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Jill Wechsler is ACT's Washington Editor
Pressure from the FDA and Congress has resulted in sponsors enrolling more women, elderly and ethnically diverse individuals in clinical studies.
Sponsors are enrolling more women, elderly and ethnically diverse individuals in clinical studies, in response to pressure from FDA and Congress to examine more thoroughly whether important new drugs have different effects on different patient populations. After two years of tracking and disclosing data on patient subgroup enrollment through the Drug Trials Snapshots program, the agency finds a slight increase in diverse participation in studies for novel drugs and biologics.
The Drug Trials Snapshots summary report for 2015 and 2016, posted this week [see http://www.fda.gov/Drugs/InformationOnDrugs/ucm541105.htm] indicates that last year, women accounted for 48% of participants in studies for 22 important new drugs, up from 40% in studies supporting 45 new drugs in 2015. However, participation rose or declined only very slightly for different ethnic minorities. The amount of change, though, is more notable for certain groups enrolling in studies for mental health, oncology and cardiovascular disease therapies, which are broken out separately.
The report, which was required by the FDA Safety and Innovation Act (FDASIA) of 2012, is part of efforts to be more transparent on who participates in pivotal clinical trials supporting the approval of important new therapies. The Center for Drug Evaluation and Research (CDER) has posted “Snapshots” for each new molecular entity (NME) and original biologic (BLA) product during the past two years.
A main aim is to assess whether there are any observed differences in safety and efficacy by demographic subgroups at time of approval that may inform prescribing and dosing, explain CDER director Janet Woodcock and John Whyte, CDER director of professional affairs and stakeholder engagement, in a forward to the report. Sharing more information and facts about clinical trial participation, Whyte explained in an online posting, can help stimulate “a thorough and robust discussion about clinical trial demographics” [see http://www.fda.gov/Drugs/InformationOnDrugs/ucm541105.htm].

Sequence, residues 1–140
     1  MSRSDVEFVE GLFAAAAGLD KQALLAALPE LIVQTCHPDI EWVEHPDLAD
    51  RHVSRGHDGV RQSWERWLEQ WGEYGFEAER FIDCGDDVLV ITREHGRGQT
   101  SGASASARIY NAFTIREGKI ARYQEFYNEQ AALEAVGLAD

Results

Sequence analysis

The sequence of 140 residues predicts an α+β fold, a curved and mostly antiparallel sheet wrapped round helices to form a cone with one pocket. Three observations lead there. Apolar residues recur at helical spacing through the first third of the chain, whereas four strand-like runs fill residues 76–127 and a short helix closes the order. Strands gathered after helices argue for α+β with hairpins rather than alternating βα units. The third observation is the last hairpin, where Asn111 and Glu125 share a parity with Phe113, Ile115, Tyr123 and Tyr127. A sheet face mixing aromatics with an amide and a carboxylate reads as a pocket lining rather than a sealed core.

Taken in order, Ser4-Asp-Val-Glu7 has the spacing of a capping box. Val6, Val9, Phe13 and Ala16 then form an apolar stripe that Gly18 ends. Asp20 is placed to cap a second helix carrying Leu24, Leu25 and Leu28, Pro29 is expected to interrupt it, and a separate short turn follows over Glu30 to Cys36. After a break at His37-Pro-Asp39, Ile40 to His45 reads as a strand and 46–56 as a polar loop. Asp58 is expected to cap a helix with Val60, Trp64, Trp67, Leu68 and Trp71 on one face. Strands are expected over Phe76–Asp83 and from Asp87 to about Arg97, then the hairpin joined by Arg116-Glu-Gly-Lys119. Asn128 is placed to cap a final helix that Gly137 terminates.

For example, ACE inhibitors commonly used to treat high blood pressure have been shown to be less effective in African Americans than in white patients, Whyte notes. Sponsors recognize that new therapies for hypertension will help reduce disparities in health care for African Americans because of the high prevalence of heart disease in this population, according to a release from the Pharmaceutical Research and Manufacturers of America (PhRMA) [see http://catalyst.phrma.org/biopharmaceutical-industrys-success-reducing-disparities-for-african-americans]. PhRMA also points out that new diabetes treatments will help address such issues, as African Americans are 70% more likely to have diabetes than non-Hispanic Caucasians. But while the discovery of safe and effective antiretroviral medicines has helped reduce the death rate from AIDS in the U.S. by more than 70%, PhRMA notes only a 28% decline in deaths in the African-American community for persons living with HIV.
Jill Wechsler is the Washington Correspondent for Applied Clinical Trials